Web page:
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#5 skyrydr2 ONLINE  

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Posted June 02, 2015 - 05:14 AM

A lathe is the best way to trim them. But can be done in a drill press if yo have a large enough chuck(most people do not) or careful grinding with a sandpaper type flap wheel works,just shim the back side and bring it down flush, remove shim and it should fit perfectly.;-)
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#6 KennyP OFFLINE  

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Posted June 02, 2015 - 05:42 AM

Sounds like that may work real well.


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#7 FixItCharlie OFFLINE  

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Posted June 02, 2015 - 08:48 PM

My little Unimat Lathe works perfect for this. Thank you for the suggestion. 

 

Charlie



#8 FixItCharlie OFFLINE  

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Posted June 03, 2015 - 09:15 PM

I learned something while putting things back together this evening. The lift cylinders are different sizes between the open side LGT & the closed side LGT. I had not paid any attention to the cylinders when I had put it on the tractor for testing. The lower mount on the cylinder for the open side is 1 1/2 inch diameter & the body is 2 inches in diameter. The lower mount for the closed side which is the one that I had purchased is 2 inches in diameter with the body being 2 1/2 inches in diameter. Where the big difference comes in is when using the larger cylinder the pin for the bottom mount is not long enough to put the cotter pin in. The cylinder can not really come off the bottom mount mainly because the top mount restricts the movement of the bottom mount. What I am thinking of doing for a temporary fix until I get the proper cylinder repaired is use some JB Weld to glue a cotter pin on the end of the shaft as it does extend past the larger cylinder. Others may find this interesting if shopping for hydraulic lifts for their tractor. 

 

Charlie


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#9 skyrydr2 ONLINE  

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Posted June 04, 2015 - 03:21 AM

The lift cylinder from open to closed sided machines are not different, someone may have changed it, or sent you something that is not Ford/Jacobsen. I have both models and the cylinders are the same. Many different model tractors used that length and diameter they just changed hole sizes and minor locations. The barrel end abd rod ends are where things get really different,from minor offsets to huge tabs for mounting.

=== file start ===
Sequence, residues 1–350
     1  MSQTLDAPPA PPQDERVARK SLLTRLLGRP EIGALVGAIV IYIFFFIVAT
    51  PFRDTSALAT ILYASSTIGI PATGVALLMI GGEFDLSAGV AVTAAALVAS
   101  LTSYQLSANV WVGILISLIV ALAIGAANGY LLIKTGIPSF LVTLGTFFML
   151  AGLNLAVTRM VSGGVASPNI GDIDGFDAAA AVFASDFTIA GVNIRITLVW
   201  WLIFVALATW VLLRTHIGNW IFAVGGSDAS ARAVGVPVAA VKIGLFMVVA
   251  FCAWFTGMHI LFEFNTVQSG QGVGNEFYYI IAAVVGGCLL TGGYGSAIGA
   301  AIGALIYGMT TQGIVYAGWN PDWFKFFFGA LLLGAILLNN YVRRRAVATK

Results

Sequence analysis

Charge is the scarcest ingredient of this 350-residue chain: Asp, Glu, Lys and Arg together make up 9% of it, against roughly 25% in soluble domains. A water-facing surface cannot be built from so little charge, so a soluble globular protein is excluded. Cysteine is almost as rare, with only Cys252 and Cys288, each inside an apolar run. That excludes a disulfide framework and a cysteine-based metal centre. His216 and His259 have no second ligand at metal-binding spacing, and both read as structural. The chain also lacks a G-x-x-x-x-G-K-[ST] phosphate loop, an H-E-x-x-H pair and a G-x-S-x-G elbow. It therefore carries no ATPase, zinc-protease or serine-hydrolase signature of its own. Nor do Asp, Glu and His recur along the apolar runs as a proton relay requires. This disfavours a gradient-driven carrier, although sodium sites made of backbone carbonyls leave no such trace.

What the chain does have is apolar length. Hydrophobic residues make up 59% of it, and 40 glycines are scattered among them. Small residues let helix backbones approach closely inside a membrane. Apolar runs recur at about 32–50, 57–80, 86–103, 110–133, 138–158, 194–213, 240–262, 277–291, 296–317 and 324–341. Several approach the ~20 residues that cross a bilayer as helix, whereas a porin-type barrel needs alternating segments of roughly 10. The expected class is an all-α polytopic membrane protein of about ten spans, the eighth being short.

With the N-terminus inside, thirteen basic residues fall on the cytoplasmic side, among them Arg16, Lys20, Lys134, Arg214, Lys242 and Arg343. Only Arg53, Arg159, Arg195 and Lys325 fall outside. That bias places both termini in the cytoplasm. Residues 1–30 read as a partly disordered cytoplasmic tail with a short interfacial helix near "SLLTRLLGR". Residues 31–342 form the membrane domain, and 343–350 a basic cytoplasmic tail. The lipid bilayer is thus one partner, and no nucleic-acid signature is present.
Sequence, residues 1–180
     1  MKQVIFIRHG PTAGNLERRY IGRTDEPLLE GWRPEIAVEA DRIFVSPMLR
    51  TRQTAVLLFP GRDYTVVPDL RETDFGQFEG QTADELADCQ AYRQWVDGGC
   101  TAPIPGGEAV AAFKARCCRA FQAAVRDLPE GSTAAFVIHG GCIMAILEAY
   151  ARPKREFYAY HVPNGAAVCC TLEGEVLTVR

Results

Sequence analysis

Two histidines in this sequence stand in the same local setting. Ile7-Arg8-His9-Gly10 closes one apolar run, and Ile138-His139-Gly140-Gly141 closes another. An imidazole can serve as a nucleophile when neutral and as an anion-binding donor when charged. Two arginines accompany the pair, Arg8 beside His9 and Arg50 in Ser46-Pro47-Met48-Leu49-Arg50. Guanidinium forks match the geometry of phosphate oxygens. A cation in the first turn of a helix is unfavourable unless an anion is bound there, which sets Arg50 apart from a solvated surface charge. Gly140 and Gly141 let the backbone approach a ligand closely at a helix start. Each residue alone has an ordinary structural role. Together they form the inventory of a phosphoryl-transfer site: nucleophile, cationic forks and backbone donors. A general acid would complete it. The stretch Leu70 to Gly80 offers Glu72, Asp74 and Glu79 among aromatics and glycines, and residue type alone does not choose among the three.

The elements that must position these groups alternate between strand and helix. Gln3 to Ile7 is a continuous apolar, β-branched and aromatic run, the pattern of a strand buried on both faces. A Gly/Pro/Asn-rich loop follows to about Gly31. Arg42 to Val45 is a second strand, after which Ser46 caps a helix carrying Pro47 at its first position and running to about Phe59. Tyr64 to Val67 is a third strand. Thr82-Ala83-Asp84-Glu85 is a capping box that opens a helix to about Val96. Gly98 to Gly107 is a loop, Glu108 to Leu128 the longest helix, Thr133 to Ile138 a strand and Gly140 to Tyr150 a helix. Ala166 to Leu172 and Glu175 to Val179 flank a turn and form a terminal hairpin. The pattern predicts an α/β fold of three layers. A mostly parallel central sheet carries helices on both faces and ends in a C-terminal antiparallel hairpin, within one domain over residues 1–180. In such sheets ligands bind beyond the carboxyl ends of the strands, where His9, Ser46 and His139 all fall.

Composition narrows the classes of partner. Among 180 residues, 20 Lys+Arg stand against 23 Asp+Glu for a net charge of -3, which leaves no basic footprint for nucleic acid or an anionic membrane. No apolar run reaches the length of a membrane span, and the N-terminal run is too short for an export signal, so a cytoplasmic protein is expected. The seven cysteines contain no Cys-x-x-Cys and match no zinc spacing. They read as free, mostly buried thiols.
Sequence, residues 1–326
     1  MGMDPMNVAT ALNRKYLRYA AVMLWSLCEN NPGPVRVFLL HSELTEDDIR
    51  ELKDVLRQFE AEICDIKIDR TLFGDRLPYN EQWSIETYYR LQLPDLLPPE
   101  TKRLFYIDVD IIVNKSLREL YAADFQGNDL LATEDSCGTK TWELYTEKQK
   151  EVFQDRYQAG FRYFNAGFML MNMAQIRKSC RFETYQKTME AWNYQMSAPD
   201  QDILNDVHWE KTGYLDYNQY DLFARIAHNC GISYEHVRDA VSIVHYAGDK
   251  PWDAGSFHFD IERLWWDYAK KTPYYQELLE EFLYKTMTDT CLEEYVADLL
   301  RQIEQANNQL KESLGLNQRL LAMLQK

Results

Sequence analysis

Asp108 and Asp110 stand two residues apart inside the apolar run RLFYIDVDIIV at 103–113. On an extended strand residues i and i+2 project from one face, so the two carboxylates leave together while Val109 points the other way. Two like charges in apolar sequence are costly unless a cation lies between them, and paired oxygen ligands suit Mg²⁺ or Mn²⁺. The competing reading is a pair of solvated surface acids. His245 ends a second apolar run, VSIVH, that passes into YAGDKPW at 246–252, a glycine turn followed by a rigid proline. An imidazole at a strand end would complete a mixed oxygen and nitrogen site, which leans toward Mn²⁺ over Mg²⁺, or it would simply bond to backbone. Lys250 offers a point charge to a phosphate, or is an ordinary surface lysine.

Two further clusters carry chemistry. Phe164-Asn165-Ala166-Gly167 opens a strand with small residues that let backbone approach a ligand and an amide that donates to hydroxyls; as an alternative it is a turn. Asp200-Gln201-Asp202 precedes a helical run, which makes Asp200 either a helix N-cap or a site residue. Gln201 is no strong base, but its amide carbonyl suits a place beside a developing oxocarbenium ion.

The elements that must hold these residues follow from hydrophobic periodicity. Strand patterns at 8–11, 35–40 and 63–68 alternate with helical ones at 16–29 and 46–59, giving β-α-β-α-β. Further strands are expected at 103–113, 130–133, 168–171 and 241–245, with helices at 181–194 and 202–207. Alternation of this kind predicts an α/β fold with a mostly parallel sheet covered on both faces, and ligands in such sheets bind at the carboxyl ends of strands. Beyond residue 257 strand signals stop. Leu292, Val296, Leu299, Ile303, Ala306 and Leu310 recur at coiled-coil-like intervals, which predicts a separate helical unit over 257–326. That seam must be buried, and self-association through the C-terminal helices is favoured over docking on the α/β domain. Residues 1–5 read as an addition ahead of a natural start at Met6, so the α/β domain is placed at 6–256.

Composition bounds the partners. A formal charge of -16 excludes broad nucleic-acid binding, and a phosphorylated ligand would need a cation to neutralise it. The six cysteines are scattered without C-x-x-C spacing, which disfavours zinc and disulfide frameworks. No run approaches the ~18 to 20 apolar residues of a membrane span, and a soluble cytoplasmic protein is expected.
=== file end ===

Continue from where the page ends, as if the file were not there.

So my point is,it is easy to get the correct length, but can be tricky to get the correct mounting.
The one you have may have come from the Gilson made LGT ***H they used the same cylinder but the mounting points were a bit different.
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#10 FixItCharlie OFFLINE  

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Posted June 04, 2015 - 08:53 PM

I purchased this from Joes Outdoor Power last fall. He listed it for a LGT 125, LGT 145, & LGT 165 & the picture that showed the tractor was a closed side Ford. Maybe the PO that Joe got this tractor had changed it. I will try to get pictures of both cylinders this weekend.

 

Charlie


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#11 FixItCharlie OFFLINE  

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Posted June 07, 2015 - 09:06 AM

This is a picture of the hydraulic cylinder that I purchased.

 

Cylinder.jpg

 

The blue cylinder is the one that was on the tractor that needs to be rebuilt.

 

Cylinder 1.jpg

 

Cylinder 2.jpg

 

The part that is attached to the blue cylinder rod is threaded so there would be some adjustment on it. I am curious how much more lifting power will come from the other cylinder as it is larger in size. I used some JB Weld to attach an extension to the shaft on the frame so that I will be able to put a pin in there.

 

Charlie



#12 FixItCharlie OFFLINE  

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Posted June 15, 2015 - 08:59 PM

I finished getting the tractor back together. Some of the extra time was that I painted some of the body parts. Not the best paint job just used rattle cans but at least the rust is sealed & covered. I will try to get some pictures when the sun shines again. The one thing that really impressed me is how well the drive pedals work now. Just a light touch to forward or reverse & the tractor is moving. I have not had a chance to really drive it because of the weather. The response to pressing on the pedal shows how worn the mechanism was before.

 

Charlie